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GeForce GTX 650 vs Radeon HD 4890 2GB

Intro

The GeForce GTX 650 comes with a clock speed of 1058 MHz and a GDDR5 memory frequency of 1250 MHz. It also makes use of a 128-bit memory bus, and uses a 28 nm design. It is made up of 384 SPUs, 32 TAUs, and 16 Raster Operation Units.

Compare all of that to the Radeon HD 4890 2GB, which has core clock speeds of 1000 MHz on the GPU, and 975 MHz on the 2048 MB of GDDR5 RAM. It features 800(160x5) SPUs as well as 40 Texture Address Units and 16 Rasterization Operator Units.

(No game benchmarks for this combination yet.)

Power Usage and Theoretical Benchmarks

Power Consumption (Max TDP)

GeForce GTX 650 64 Watts
Radeon HD 4890 2GB 190 Watts
Difference: 126 Watts (197%)

Memory Bandwidth

In theory, the Radeon HD 4890 2GB should perform quite a bit faster than the GeForce GTX 650 in general. (explain)

Radeon HD 4890 2GB 124800 MB/sec
GeForce GTX 650 80000 MB/sec
Difference: 44800 (56%)

Texel Rate

The Radeon HD 4890 2GB should be a little bit (approximately 18%) more effective at texture filtering than the GeForce GTX 650. (explain)

Radeon HD 4890 2GB 40000 Mtexels/sec
GeForce GTX 650 33856 Mtexels/sec
Difference: 6144 (18%)

Pixel Rate

If using high levels of AA is important to you, then the GeForce GTX 650 is the winner, but it probably won't make a huge difference. (explain)

GeForce GTX 650 16928 Mpixels/sec
Radeon HD 4890 2GB 16000 Mpixels/sec
Difference: 928 (6%)

Please note that the above 'benchmarks' are all just theoretical - the results were calculated based on the card's specifications, and real-world performance may (and probably will) vary at least a bit.

Price Comparison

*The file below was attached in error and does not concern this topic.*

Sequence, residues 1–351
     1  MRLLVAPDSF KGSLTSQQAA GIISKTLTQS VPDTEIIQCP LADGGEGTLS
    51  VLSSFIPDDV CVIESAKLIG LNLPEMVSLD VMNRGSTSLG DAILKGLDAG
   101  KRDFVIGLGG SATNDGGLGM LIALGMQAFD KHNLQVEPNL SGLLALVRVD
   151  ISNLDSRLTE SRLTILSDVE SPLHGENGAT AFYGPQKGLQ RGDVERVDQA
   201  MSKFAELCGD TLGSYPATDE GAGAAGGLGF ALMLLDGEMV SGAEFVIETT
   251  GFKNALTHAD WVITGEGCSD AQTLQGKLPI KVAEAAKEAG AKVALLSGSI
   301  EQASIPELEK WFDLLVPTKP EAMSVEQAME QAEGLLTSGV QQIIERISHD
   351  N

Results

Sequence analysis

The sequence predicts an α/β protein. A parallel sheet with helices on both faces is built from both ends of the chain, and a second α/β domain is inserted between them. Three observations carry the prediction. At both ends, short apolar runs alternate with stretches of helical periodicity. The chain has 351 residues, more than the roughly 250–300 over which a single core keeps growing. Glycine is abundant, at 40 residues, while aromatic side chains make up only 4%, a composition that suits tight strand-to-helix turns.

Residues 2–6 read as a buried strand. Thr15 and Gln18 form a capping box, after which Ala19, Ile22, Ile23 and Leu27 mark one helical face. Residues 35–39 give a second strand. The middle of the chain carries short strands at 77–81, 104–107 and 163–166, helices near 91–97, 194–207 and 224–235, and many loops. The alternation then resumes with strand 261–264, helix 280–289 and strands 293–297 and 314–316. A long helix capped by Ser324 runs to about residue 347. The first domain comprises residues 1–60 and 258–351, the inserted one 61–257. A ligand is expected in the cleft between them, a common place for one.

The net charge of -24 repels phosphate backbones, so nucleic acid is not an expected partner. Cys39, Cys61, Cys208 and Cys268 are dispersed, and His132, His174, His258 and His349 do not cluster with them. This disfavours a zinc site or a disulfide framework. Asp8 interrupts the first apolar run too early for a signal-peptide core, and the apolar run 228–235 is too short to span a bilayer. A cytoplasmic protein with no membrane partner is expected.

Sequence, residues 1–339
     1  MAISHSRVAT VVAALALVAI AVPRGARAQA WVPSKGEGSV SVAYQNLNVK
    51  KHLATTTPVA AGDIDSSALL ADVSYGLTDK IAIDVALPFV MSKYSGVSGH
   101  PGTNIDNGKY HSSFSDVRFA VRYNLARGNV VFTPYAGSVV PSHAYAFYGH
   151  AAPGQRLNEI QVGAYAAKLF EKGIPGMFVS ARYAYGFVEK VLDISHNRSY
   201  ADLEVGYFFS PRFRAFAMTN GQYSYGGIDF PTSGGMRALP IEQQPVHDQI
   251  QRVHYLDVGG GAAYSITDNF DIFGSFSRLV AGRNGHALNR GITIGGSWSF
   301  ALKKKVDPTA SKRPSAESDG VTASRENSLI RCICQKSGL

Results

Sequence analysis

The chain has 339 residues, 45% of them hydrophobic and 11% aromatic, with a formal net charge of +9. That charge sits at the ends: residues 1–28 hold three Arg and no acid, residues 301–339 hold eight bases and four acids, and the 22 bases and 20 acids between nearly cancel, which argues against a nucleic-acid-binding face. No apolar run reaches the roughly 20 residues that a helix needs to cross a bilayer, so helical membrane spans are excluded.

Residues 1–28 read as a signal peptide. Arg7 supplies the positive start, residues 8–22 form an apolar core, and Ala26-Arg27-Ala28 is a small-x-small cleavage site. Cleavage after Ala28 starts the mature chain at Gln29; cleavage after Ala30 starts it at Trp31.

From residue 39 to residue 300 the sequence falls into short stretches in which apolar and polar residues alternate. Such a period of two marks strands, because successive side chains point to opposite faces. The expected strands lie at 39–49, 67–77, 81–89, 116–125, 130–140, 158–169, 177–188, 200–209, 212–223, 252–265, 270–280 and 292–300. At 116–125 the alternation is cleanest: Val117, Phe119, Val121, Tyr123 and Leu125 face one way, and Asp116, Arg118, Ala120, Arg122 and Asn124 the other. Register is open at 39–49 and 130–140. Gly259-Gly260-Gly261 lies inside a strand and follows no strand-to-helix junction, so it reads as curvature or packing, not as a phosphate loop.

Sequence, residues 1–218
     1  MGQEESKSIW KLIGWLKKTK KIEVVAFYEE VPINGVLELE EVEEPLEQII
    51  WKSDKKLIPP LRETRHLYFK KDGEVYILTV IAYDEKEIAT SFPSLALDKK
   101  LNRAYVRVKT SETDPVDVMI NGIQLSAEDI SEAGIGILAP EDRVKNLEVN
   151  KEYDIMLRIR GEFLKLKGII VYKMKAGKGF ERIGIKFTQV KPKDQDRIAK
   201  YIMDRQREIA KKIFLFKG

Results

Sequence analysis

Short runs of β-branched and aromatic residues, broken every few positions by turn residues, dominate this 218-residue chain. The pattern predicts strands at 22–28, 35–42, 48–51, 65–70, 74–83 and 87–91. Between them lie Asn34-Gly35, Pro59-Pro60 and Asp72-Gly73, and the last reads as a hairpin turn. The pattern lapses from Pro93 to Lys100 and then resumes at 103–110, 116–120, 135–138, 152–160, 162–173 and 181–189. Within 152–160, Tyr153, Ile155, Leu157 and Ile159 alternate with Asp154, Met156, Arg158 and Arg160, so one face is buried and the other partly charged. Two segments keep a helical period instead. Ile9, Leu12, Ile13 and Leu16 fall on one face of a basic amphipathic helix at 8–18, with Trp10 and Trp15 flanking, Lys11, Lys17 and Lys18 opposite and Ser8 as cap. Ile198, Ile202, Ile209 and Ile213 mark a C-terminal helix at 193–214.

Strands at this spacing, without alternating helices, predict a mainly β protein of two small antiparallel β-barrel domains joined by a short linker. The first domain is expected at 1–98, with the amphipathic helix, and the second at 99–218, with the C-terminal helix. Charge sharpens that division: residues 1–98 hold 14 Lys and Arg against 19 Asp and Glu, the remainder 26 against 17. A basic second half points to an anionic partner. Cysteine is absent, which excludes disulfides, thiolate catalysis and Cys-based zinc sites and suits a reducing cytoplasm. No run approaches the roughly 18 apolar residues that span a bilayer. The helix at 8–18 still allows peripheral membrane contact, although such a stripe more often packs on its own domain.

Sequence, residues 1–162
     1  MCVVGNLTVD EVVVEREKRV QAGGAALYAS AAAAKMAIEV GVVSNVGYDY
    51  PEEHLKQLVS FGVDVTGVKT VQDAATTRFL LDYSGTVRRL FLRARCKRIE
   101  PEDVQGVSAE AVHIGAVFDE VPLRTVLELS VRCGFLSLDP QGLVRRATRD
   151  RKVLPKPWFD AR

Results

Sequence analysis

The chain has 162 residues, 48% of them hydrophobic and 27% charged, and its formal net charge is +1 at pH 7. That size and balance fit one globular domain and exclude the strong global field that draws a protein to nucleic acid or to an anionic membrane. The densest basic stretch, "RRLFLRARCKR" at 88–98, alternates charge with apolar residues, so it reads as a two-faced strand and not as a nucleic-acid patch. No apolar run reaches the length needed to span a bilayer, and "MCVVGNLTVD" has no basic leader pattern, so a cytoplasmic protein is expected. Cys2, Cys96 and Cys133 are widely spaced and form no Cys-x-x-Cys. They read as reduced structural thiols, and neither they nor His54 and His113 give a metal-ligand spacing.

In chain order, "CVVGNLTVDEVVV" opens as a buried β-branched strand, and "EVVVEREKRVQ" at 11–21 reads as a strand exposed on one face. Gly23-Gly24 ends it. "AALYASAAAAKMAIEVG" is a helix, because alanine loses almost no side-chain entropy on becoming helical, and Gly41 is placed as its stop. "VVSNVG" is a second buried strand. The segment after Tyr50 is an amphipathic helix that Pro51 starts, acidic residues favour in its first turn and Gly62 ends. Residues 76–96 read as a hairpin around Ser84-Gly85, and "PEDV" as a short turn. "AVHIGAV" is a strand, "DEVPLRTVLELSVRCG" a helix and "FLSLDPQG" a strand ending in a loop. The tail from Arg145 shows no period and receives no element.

GeForce GTX 650

Amazon.com

Radeon HD 4890 2GB

Amazon.com

Please note that the price comparisons are based on search keywords - sometimes it might show cards with very similar names that are not exactly the same as the one chosen in the comparison. We do try to filter out the wrong results as best we can, though.

Specifications

Model GeForce GTX 650 Radeon HD 4890 2GB
Manufacturer nVidia AMD
Year September 2012 Apr 2, 2009
Code Name GK107 RV790 XT
Fab Process 28 nm 55 nm
Bus PCIe 3.0 x16 PCIe 2.0 x16
Memory 2048 MB 2048 MB
Core Speed 1058 MHz 1000 MHz
Shader Speed 1058 MHz (N/A) MHz
Memory Speed 1250 MHz (5000 MHz effective) 975 MHz (3900 MHz effective)
Unified Shaders 384 800(160x5)
Texture Mapping Units 32 40
Render Output Units 16 16
Bus Type GDDR5 GDDR5
Bus Width 128-bit 256-bit
DirectX Version DirectX 11.0 DirectX 10.1
OpenGL Version OpenGL 4.3 OpenGL 3.0
Power (Max TDP) 64 watts 190 watts
Shader Model 5.0 4.1
Bandwidth 80000 MB/sec 124800 MB/sec
Texel Rate 33856 Mtexels/sec 40000 Mtexels/sec
Pixel Rate 16928 Mpixels/sec 16000 Mpixels/sec

Memory Bandwidth: Bandwidth is the max amount of data (counted in megabytes per second) that can be transferred over the external memory interface within a second. It is worked out by multiplying the interface width by its memory clock speed. If it uses DDR type memory, it must be multiplied by 2 once again. If it uses DDR5, multiply by ANOTHER 2x. The higher the card's memory bandwidth, the faster the card will be in general. It especially helps with AA, High Dynamic Range and high resolutions.

Texel Rate: Texel rate is the maximum texture map elements (texels) that can be processed in one second. This is calculated by multiplying the total number of texture units by the core clock speed of the chip. The higher the texel rate, the better the card will be at handling texture filtering (anisotropic filtering - AF). It is measured in millions of texels applied per second.

Pixel Rate: Pixel rate is the maximum number of pixels the video card could possibly record to its local memory in a second - measured in millions of pixels per second. The number is calculated by multiplying the number of Render Output Units by the clock speed of the card. ROPs (Raster Operations Pipelines - aka Render Output Units) are responsible for filling the screen with pixels (the image). The actual pixel rate also depends on quite a few other factors, most notably the memory bandwidth of the card - the lower the memory bandwidth is, the lower the ability to reach the max fill rate.

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